Australian football is the most popular sport in Australia and is played all over the country.
It has been around for over 150 years and is a fast paced, highly competitive game that involves running, jumping and bone on bone hits (without protective pads!). Football has become a favourite sport that Australians love to play and watch. There’s no more typically Australian experience than eating a meat pie while watching a game of football!
Australian football evolved from a game played by the Indigenous Australians called ‘Marngrook.’ In 1857, Tom Wills helped devise Australian Football with his cousins H.C.A. Harrison, W.J. Hammersley and J.B. Thompson. The Melbourne Football Club was formed on August 7, 1858 – the year of the code’s first recorded match between Scotch College and Melbourne Grammar School. The game quickly blossomed and in 1866 an updated set of rules was put in place and a competition started in the state of Victoria. The South Australian Football Association was established in 1877, and the SANFL is the oldest surviving football league of any code in the nation. The Victorian Football League (VFL) was established in 1896 and the following year the league’s first games were played.
The game also spread throughout Australia and in 1987 the competition expanded to include the West Coast Eagles from Western Australia and the Brisbane Bears from Queensland. The competition changed from the VFL to the AFL in 1990 due to the expansion of the competition outside of Victoria. By 1997, the competition comprised of 16 clubs after Adelaide (in 1991), Fremantle (in 1995), and Port Adelaide (in 1997) joined the AFL. In 2011 the Gold Coast Suns joined the competition, followed by the Greater Western Sydney Giants in 2012, creating the 18 team national competition we see today.
The AFL is the highest competitive level that a person can compete at. In the AFL, teams compete against each other over 23 weekly rounds between March and August on Thursday, Friday, Saturday and Sunday. This is known as the ‘football season.’ The season concludes with a knockout finals series in September where the top eight teams play against each other until there are two teams left. These teams play in the Grand Final which is at the Melbourne Cricket Ground (MCG). It is Australia’s biggest sporting event of the year as over 100,000 people go to the stadium to watch this game. The team that wins the Grand Final gets the premiership trophy and they become etched into football history forever.
THE GAME EXPLAINED
The aim of football is to move the ball forward, by kicking and handballing, and score more points than the other team by kicking goals.
Players are required to be fit (both physically and mentally), strong, fast, agile and must possess knowledge of tactics and strategy. Players come in a variety of shapes and sizes.
Australian football is often described as one of the most skilful games in the world. The game is unique because you are allowed to use your hands as well as your feet to handle the ball. Spectacular high marks, precise kicking, quick handballs, running bounces and bone crunching tackles are all features of the game. The three main skills however, are kicking, handballing and marking. To kick, players drop the ball from their hands onto their feet to pass the ball to a teammate or score a goal. Handballing involves balancing the ball in the palm of one hand and using your other hand to punch the ball to a team mate in close. Catching the football in your hands is known as a ‘mark.’ A mark can only be from a kick and cannot be from a handball. You are not allowed to throw the ball in football.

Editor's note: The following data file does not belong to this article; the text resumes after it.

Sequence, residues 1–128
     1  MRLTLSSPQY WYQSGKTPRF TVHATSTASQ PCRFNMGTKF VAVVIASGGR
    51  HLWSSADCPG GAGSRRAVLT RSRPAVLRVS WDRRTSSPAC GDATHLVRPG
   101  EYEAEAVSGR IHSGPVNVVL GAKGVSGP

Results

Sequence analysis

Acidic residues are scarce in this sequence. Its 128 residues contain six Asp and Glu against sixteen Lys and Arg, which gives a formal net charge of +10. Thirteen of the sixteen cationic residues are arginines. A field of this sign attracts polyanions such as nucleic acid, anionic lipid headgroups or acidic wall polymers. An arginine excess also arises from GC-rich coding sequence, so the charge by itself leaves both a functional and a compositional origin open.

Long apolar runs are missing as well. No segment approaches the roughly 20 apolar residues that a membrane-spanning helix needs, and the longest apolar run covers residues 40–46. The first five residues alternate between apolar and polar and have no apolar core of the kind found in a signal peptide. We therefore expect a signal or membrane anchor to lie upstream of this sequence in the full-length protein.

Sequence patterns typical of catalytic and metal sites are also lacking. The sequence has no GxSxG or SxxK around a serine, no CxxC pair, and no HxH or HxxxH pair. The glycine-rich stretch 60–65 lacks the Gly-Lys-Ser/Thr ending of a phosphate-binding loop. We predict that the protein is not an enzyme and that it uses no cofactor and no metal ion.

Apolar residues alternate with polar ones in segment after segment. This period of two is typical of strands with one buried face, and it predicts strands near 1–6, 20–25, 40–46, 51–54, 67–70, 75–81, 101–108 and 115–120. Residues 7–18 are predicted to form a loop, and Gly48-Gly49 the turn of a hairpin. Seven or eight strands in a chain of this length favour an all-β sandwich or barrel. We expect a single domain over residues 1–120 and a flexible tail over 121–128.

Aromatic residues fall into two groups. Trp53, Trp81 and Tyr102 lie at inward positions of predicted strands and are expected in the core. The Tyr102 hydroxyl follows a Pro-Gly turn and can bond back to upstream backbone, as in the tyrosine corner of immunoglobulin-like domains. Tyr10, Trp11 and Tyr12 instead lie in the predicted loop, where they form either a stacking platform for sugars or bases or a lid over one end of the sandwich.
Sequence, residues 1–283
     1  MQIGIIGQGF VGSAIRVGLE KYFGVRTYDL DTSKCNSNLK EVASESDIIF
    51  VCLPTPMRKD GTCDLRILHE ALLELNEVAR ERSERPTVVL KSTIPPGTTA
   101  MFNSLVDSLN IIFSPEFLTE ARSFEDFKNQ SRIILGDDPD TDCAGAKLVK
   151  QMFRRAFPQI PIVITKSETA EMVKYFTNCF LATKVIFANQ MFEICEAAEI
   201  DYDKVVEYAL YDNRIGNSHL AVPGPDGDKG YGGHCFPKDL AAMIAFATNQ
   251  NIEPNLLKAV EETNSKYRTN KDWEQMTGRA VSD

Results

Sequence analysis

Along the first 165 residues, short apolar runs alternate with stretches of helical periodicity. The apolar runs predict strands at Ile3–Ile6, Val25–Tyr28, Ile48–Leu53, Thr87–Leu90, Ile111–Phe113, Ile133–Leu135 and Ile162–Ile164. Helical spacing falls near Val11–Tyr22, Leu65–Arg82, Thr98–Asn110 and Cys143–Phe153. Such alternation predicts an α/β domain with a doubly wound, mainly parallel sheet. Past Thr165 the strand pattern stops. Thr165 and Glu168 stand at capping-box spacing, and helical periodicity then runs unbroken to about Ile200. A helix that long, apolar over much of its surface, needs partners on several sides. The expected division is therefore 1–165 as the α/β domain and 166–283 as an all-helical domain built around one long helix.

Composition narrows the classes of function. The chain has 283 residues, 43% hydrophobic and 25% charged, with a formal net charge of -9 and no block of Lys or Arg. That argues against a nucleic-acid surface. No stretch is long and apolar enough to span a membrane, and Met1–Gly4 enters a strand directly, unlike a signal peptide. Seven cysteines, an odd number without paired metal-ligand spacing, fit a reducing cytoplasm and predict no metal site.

To score points, players must kick the ball through the two large middle posts called the ‘goals’ and this is worth six points. If the ball travels in the spaces either side of the goals, they get one point which is called a ‘behind.’ If the ball hits the large posts, the team gets a behind, but if it hits the small posts, this is a foul and the other team gets the ball.
Six points are only awarded if you kick the ball, any other body part will result in only one point .All players are allowed to score goals. The goal and behind posts are exactly 6.4 metres apart. Both team’s scores are kept during the game and will look like this after a match is finished.
TEAM GOALS BEHINDS SCORE
PORT ADELAIDE - 20 12 132
ADELAIDE - 11 9 75
The above score line reads that Port Adelaide kicked nine more goals than Adelaide and won by 57 points.
The playing field is an oval shape and is between 135 and 185 metres long and between 110 and 155 metres wide. The goals and behinds are located at either end of the ground for teams to be able to score. Two 50 metres arcs are at either end of the ground along with two goal squares. There is also a white boundary line that surrounds the playing field.
GAME START, BREAKS AND FINISH
Football games consist of four quarters lasting approximately 20 minutes plus time added on for when the ball is not in play. A typical game will last about three hours (180 minutes).The game begins with the blow of a loud siren and the umpire either bounces the ball or throws it up in the centre circle in the centre of the field. This also happens at the beginning of each quarter. There are three intervals that break up the four quarters during a game: quarter time, half time, and three quarter time. Half time is the longest interval, going for 20 minutes while the other intervals go for six minutes. To end each quarter, the siren blows and play stops.
Two teams play against each other over the four quarters aiming to score as many goals as possible. Each team playing has 18 players on the field and four substitutes on the ‘bench.’ The bench players can be swapped with any player on the field at any time during the game. Unlike other sports, Australian football allows for substitutes to be continually swapped and they are not out for the rest of the game if they leave the playing field.